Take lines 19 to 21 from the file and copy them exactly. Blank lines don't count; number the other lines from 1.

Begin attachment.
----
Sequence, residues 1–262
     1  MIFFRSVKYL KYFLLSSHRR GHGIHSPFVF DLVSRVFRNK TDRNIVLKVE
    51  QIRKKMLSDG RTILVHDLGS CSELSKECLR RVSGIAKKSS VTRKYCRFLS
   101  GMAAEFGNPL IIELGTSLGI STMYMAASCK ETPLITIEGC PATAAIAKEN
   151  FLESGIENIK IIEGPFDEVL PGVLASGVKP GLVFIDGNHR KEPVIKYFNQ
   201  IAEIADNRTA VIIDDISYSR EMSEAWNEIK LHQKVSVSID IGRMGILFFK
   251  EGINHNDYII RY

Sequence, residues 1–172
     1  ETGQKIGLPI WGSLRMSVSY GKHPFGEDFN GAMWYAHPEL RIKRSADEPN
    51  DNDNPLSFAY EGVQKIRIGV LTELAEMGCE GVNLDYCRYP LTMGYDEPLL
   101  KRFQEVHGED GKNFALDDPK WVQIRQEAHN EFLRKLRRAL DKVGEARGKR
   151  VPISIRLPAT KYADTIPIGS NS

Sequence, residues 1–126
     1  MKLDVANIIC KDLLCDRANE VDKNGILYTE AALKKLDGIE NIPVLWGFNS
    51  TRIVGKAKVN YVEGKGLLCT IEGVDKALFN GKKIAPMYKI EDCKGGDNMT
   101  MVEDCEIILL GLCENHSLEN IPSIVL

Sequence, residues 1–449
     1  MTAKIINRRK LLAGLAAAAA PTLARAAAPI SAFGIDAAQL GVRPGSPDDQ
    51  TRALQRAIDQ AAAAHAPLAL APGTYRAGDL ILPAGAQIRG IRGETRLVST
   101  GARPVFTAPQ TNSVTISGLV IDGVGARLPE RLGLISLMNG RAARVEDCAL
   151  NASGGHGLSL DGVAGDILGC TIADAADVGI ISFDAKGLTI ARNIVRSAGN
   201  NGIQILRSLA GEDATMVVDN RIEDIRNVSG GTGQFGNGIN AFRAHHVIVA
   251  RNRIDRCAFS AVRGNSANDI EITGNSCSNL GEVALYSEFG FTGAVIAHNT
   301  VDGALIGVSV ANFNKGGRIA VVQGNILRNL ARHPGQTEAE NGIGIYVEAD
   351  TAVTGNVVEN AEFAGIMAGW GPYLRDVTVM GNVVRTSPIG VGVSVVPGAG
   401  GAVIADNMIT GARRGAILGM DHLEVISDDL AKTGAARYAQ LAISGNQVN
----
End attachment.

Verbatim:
    51  TRALQRAIDQ AAAAHAPLAL APGTYRAGDL ILPAGAQIRG IRGETRLVST
   101  GARPVFTAPQ TNSVTISGLV IDGVGARLPE RLGLISLMNG RAARVEDCAL
   151  NASGGHGLSL DGVAGDILGC TIADAADVGI ISFDAKGLTI ARNIVRSAGN